844 Passive Air Preheaters

Passive gas-to-gas regenerators are available for applications where cross-contamination cannot be tolerated. One such type of regenerator, the plate-type, is shown in Figure 8.24. A second type, the heat pipe array is shown in Figure 8.25. Passive air preheaters are used in the low- and medium-temperature applications. Those include drying, curing, and baking ovens; air pre-heaters in steam boilers; air dryers; waste heat recovery from exhaust steam; secondary recovery from refractory kilns and reverbatory furnaces; and waste heat recovery from conditioned air.

The plate-type regenerator is constructed of alter nate channels which separate adjacent flows of heated and heating gases by a thin wall of conducting metal. Although their use eliminates cross-contamination, they are bulkier, heavier, and more expensive than a heat wheel of similar heat-recovery and flow capacities. Furthermore, it is difficult to achieve temperature control of the heated gas, while fouling may be a more serious problem.

The heat pipe is a heat-transfer element that is assembled into arrays which are used as compact and efficient passive gas-to-gas heat exchangers. Figure 8.25 shows how the bundle of finned heat pipes extend through the wall separating the inlet and exhaust ducts in a pattern that resembles the conventional finned tube heat exchangers. Each of the separate pipes, however, is a separate sealed element. Each consists of an annular wick on the inside of the full length of the tube, in which an appropriate heat-transfer fluid is absorbed. Figure 8.26 shows how the heat transferred from the hot exhaust gases evaporates the fluid in the wick. This causes the vapor to expand into the center core of the heat pipe. The latent heat of evaporation is carried with the vapor to the cold end of the tube. There it is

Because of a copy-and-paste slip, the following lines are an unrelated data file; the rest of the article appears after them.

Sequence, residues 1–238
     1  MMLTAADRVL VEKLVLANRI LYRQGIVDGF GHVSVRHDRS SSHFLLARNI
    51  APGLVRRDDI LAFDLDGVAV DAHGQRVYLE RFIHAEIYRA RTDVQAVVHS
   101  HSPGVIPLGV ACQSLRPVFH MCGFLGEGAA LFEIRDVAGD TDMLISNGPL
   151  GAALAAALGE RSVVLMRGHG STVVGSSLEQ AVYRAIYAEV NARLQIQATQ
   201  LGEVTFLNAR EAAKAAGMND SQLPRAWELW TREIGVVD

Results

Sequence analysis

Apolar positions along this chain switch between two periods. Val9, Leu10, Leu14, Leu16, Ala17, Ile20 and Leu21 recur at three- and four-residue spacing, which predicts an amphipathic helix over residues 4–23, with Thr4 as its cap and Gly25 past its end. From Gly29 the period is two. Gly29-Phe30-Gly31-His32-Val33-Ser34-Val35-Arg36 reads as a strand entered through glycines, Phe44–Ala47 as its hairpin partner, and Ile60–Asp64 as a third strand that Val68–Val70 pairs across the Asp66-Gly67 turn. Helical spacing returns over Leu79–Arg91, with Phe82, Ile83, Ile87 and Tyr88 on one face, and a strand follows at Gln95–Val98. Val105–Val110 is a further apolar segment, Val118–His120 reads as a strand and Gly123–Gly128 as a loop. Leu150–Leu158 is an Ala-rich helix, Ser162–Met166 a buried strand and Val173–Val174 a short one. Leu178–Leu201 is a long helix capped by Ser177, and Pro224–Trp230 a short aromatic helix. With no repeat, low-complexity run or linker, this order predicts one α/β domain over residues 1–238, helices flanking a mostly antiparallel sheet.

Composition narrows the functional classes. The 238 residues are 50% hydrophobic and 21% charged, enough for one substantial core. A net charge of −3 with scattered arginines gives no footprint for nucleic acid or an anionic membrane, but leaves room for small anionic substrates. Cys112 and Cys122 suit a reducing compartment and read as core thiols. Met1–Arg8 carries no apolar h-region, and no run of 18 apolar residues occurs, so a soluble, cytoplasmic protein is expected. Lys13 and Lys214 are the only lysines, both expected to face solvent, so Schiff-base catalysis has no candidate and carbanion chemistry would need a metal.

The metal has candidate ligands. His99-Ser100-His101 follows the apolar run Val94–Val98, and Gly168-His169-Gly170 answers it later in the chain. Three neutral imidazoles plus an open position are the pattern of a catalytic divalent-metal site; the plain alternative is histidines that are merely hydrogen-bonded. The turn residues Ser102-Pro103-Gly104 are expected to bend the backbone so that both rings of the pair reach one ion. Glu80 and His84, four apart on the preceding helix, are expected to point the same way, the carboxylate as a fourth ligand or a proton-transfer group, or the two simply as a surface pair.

Hot waste gas

Hot waste gas

Cooled waste gas

Cold air inlet

Heat pipe bundle

Cooled waste gas

Cold air inlet

Heat pipe bundle

Figure 8.25 Heat pipe.

Heat In

Heat Out

Evaporation

Figure 8.26 Heat pipe operation. Heot In

Figure 8.25 Heat pipe.

Heat In

Heat Out

Condensation

Heat Out

Heat Out

Condensation removed by transferral to the cold gas as the vapor is recondensed. The condensate is then carried back in the wick to the hot end of the tube. This takes place by capillary action and by gravitational forces if the axis of the tube is tilted from the horizontal. At the hot end of the tube the fluid is then recycled.

The heat pipe is compact and efficient for two reasons. The finned-tube bundle is inherently a good configuration for convective heat transfer between the gases and the outside of the tubes in both ducts. The evaporative-condensing cycle within the heat tubes is a highly efficient method of transferring heat internally. This design is also free of cross-contamination. However, the temperature range over which waste heat can be recovered is severely limited by the thermal and physical properties of the fluids used within the heat pipes. Table 8.6 lists some of the transfer fluids and the temperature ranges in which they are applicable.

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